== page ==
Wednesday 21 March 2018

Jurgen Klopp's goalkeeping comments may worry Liverpool fans

Mignolet and (inset) Karius
Mignolet and (inset) Karius
Liverpool manager Jurgen Klopp. Photo: Reuters / Lee Smith

Chris Bascombe

Liverpool manager Jurgen Klopp says he has no plans to sign a new goalkeeper this summer, despite enduring criticism of Simon Mignolet and Loris Karius.

Mignolet remains first choice following Karius's unimpressive introduction into the side earlier this season, and Liverpool's capacity for conceding sloppy goals has been a feature of their campaign.

Although Klopp is planning on adding up to six new players in the summer, he is ready to resist the chance to spend big on a new No 1.

That will upset the likes of Joe Hart, out of favour with Manchester City and on loan at Torino, who is hoping erratic performances by numerous Premier League keepers will ignite interest in him.

"We have these really, really good goalkeepers," said Klopp. "We have with Mr (Alex) Manninger a wonderful professional player in the squad, which helps the squad a lot. We have young players in behind, including Danny Ward on loan (at Huddersfield). Our situation is as good as possible. I am happy most of the days."

Klopp did not close the door on further recruitment in the position when he added that "we don't make final decisions until I don't know when", but it was evident he did not see the issue as a priority.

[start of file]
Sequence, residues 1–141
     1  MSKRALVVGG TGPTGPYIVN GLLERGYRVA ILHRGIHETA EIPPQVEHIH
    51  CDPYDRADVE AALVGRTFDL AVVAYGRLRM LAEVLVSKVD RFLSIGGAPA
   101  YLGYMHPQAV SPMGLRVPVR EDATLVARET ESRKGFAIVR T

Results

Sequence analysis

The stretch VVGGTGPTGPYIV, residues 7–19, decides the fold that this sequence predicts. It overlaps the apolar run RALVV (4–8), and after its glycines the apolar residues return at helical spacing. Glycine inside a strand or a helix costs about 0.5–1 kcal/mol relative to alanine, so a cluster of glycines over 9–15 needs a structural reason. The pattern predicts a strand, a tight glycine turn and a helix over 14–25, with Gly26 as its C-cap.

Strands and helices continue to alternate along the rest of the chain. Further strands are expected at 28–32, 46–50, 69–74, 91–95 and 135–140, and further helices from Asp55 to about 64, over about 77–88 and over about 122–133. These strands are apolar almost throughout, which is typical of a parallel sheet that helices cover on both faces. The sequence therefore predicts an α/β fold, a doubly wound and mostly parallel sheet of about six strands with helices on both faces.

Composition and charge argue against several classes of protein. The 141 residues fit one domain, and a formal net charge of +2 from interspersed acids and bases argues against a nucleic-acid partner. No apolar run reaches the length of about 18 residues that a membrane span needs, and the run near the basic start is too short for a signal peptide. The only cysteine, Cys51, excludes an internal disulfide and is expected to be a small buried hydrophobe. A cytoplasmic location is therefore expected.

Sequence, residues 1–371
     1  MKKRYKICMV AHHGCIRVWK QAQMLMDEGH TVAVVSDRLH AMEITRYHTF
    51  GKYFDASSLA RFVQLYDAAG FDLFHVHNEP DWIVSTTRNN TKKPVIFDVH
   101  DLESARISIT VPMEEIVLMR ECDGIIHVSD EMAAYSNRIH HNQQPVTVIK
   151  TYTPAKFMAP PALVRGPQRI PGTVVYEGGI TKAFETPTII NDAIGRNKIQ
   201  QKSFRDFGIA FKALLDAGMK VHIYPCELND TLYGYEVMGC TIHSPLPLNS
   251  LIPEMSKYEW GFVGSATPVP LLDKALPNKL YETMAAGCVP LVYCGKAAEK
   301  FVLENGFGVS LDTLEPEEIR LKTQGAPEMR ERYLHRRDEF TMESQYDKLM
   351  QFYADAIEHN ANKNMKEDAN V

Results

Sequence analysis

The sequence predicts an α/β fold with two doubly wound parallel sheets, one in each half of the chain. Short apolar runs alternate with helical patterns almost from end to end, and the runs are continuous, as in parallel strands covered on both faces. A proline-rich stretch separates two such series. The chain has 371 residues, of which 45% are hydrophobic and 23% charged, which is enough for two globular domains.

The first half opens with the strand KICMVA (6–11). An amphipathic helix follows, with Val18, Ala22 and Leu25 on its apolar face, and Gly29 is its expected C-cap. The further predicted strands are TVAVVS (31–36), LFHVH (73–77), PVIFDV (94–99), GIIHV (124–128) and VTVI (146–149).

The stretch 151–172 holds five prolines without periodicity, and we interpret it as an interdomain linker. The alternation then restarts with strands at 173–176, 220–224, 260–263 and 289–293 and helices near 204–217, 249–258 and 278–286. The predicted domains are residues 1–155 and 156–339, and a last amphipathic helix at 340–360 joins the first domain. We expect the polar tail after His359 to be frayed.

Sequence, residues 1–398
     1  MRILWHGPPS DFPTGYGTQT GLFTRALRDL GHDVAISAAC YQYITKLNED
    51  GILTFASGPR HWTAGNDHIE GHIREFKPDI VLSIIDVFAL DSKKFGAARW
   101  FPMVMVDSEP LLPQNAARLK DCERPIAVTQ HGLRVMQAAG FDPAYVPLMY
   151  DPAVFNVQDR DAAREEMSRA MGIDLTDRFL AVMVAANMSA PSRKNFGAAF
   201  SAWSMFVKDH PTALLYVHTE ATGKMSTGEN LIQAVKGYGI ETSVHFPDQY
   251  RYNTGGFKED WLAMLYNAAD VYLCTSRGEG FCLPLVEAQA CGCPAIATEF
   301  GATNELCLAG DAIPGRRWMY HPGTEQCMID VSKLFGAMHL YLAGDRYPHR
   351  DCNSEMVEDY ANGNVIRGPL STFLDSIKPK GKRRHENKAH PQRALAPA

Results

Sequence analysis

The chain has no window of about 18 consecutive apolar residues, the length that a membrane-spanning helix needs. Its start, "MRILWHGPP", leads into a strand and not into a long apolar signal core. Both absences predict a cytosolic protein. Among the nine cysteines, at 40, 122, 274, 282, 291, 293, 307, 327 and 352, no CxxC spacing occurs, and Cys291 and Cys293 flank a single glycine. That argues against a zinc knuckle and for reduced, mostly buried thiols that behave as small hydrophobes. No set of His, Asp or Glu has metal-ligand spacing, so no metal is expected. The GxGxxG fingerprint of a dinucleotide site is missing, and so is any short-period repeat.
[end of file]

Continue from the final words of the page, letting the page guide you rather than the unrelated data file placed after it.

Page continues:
"One day when a goalkeeper is involved in a goal, which happens quite a few times, it is the life of a goalkeeper that you are the last man standing. Then you are not too happy - but I am happy with our goalkeepers, yes."

Klopp also insisted there is no special "plan B" in place to overcome Burnley despite struggling against similar teams this season.

The Reds' five league defeats have all come against bottom-half sides, starting at Turf Moor back in August when they had 80 pc possession and 26 shots but lost after the Clarets scored with their only two shots on target.

"We don't play checkers," he said, motioning as if he were moving pieces on a board.

"We've spoken about the things we have to do but not in the case of a team against the lower part of the table.

"I know what people say and is not the first people have said something like this but I don't have a Plan B in my mind.

"We know how to play but in the end you have to come into specific spaces and make the right decisions.

"My job is to help them make the right decisions more easily. That is what training is for. It is a challenge." (© Daily Telegraph, London)

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